Melting Point Depression 

We had a lot of fun this month with our science lesson. I love letting the kids get their hands “dirty” and using all their senses to discover new concepts. We discussed a concept most of our Tots were familiar with: salt melts ice and snow! However, we asked the question, “why does this happen?” Well…. the fancy big kid definition is:

  • Salt lowers the temperature at which water freezes, so instead of 32° it freezes 4° lower at 28°. Therefore, it has to be colder in order for the salt water solution to freeze. Thus, ice will melt faster because the ambient temperature seems “warmer” to the frozen block of ice.

Frozen Treasure Ice Excavation:

  1. Ice Excavation Tools i.e. Spoons 
  2. Container to freeze water
  3. Treasure
  4. Squirt bottle
  5. Food Coloring
  6. Rock Salt

Freeze your treasure in a container. Depending on the size you my want to fill up your container half full, freeze, add treasure, fill and freeze again. This will help ensure the treasure is positioned in the center of the ice block. 

Fill up your squirt bottles with a salt water solution (the ratio does not matter). I added different color food coloring just to make it a little more interesting.

Place your ice block in something that will contain the water, such as a bathtub, sink, or storage tub.

Before you start the excavation process generously sprinkle your ice block with salt, if you are quiet you will be able to hear the cracks and pops of the ice starting to melt. (I took this opportunity to explain that when you hear that sound it means ice is starting to melt and break apart and you should never stand on ice!) We also made observations regarding the edges of the ice block where we saw the ice immediately melting and water dripping down the sides.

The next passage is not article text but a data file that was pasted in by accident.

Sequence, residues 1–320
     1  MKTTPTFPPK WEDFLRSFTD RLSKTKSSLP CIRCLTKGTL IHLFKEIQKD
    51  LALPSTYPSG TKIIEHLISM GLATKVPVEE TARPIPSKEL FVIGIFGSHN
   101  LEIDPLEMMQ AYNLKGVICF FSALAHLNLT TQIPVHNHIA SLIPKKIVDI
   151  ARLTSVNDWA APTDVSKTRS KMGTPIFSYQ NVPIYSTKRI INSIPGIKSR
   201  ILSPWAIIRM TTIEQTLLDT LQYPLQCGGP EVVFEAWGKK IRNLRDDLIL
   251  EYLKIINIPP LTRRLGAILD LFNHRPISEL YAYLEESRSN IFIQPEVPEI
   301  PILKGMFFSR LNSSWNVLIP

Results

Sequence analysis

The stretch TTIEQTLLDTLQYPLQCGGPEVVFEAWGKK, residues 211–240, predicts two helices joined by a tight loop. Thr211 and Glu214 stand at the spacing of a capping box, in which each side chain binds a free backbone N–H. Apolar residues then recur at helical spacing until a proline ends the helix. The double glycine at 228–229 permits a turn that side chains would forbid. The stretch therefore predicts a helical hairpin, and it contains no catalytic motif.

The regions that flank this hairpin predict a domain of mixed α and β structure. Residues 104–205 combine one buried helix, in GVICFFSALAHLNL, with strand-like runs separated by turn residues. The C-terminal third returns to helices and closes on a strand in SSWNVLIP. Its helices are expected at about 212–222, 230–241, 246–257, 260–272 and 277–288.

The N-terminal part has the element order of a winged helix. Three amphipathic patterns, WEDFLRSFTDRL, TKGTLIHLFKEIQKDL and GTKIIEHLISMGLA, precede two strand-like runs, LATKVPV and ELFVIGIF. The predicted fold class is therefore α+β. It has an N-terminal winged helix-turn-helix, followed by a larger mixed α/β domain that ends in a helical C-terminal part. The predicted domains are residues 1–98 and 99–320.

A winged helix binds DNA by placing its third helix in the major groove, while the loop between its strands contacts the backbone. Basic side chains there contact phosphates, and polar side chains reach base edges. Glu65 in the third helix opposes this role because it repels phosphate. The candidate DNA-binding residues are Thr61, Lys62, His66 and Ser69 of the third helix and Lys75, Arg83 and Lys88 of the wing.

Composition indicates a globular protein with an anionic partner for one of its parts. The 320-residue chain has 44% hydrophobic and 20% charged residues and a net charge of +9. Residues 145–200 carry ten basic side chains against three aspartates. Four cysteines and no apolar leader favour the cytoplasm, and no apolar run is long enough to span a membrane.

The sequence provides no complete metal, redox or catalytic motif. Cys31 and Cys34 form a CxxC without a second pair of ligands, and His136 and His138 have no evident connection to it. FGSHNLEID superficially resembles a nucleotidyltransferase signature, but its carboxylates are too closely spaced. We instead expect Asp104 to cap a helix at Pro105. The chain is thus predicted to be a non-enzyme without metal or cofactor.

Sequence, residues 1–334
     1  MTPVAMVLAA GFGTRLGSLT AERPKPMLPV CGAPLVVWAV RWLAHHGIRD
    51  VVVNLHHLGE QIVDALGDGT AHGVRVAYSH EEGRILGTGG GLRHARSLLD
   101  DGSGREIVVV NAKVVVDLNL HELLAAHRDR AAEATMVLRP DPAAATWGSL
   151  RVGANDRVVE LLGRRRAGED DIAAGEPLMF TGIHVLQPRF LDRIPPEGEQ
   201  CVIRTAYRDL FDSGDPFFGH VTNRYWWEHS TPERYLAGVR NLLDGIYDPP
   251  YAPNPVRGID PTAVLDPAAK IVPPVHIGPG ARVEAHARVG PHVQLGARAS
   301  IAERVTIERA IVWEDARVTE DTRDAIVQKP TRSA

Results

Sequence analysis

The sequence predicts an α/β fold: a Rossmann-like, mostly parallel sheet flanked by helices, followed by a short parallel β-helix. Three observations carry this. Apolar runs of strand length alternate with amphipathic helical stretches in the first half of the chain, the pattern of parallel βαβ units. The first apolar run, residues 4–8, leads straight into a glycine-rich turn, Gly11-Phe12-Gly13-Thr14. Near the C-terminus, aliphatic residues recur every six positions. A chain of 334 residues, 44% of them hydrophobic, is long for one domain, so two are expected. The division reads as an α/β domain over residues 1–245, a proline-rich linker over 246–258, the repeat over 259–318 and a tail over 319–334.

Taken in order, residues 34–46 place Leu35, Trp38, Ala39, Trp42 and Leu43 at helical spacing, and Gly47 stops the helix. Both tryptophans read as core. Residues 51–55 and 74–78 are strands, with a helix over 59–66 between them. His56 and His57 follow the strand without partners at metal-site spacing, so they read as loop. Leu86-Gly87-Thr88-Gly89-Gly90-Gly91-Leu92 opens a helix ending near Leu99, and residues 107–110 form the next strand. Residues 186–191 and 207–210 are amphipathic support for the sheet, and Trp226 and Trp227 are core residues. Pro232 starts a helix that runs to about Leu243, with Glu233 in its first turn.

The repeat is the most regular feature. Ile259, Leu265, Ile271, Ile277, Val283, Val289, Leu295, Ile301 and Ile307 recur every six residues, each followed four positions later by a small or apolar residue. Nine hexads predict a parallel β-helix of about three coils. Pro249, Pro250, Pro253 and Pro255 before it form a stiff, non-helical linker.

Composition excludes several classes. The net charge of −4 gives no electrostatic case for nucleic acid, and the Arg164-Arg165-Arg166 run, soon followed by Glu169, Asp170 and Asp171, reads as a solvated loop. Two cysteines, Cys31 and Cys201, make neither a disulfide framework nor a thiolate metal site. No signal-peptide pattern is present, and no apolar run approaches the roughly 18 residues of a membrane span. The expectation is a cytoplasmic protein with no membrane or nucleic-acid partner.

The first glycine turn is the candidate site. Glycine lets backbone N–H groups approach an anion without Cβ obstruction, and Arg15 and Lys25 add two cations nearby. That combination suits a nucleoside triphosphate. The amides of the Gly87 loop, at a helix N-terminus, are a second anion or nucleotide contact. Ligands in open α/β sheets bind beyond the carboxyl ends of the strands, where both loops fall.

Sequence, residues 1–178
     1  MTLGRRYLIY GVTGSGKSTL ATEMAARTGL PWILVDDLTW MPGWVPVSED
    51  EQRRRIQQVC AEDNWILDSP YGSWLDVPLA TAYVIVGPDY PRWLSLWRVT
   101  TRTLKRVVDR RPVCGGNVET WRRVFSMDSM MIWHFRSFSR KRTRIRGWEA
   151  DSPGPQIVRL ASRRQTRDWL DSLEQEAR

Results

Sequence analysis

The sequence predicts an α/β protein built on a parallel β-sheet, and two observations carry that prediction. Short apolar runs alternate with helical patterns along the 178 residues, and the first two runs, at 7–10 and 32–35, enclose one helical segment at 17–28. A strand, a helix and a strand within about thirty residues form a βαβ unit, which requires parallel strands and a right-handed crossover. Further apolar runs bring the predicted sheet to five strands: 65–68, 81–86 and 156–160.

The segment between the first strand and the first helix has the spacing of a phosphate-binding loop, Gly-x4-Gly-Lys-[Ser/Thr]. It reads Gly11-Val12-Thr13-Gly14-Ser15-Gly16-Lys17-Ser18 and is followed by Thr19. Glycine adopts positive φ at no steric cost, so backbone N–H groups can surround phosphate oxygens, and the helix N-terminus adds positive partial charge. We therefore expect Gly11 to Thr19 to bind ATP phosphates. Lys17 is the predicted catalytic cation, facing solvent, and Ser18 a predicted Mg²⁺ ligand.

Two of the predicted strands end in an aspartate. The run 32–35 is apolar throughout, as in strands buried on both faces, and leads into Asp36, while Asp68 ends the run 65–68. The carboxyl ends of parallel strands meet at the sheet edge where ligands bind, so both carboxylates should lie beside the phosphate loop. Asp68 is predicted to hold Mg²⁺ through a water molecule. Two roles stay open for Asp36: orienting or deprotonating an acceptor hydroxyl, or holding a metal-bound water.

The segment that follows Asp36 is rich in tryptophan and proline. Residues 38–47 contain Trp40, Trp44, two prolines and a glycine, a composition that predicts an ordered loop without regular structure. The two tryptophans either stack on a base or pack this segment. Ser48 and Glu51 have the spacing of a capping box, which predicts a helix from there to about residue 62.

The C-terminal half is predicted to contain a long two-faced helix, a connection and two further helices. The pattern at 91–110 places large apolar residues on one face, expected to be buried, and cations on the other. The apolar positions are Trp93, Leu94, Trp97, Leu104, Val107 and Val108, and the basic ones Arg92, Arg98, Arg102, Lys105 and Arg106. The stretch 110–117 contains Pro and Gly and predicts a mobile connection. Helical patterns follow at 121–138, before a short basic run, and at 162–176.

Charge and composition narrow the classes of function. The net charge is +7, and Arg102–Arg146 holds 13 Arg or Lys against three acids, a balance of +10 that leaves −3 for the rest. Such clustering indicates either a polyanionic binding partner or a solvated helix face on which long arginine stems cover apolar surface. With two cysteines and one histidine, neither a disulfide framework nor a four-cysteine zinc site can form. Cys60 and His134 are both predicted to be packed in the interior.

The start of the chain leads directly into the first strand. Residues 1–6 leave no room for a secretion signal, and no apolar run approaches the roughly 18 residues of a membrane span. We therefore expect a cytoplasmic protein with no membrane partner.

From here on out you can chip and spray away at the ice block until the treasure is free. Just a note, the saltwater solution works best if you apply it to the ice block/treasure in a solid stream; the ice will melt very quickly!

   
  

Ice Cream:

  1. Ice
  2. Rock Salt
  3. 2 Tablespoons of water
  4. 1 gallon ziplock bag 
  5. Sandwich size ziplock bag 
  6. Milk/soy milk
  7. Chocolate/strawberry syrup
  8. Sprinkles

In your one gallon sized ziplock add about 2 cups of ice, a generous tablespoon+ of Rock salt, and about 2 tablespoons of water.

In your sandwich sized ziplock bag, add your ice cream ingredients. This can be whatever you would like as long as the base is soy/coconut/almond/milk . Make sure you squeeze out any excess air from your ziplock.

Place your sandwich sized ziplock in to your gallon sized and close it securely. From here you can shake, massage, bounce or squeeze your ice cream. It will take about 5 minutes +/- until you start to develop ice cream. *Just a side note the ice gets extremely cold so watch that little hands don’t handle it to long.

From here, grab a spoon and eat it out of the bag or spoon into a cup and enjoy!!!

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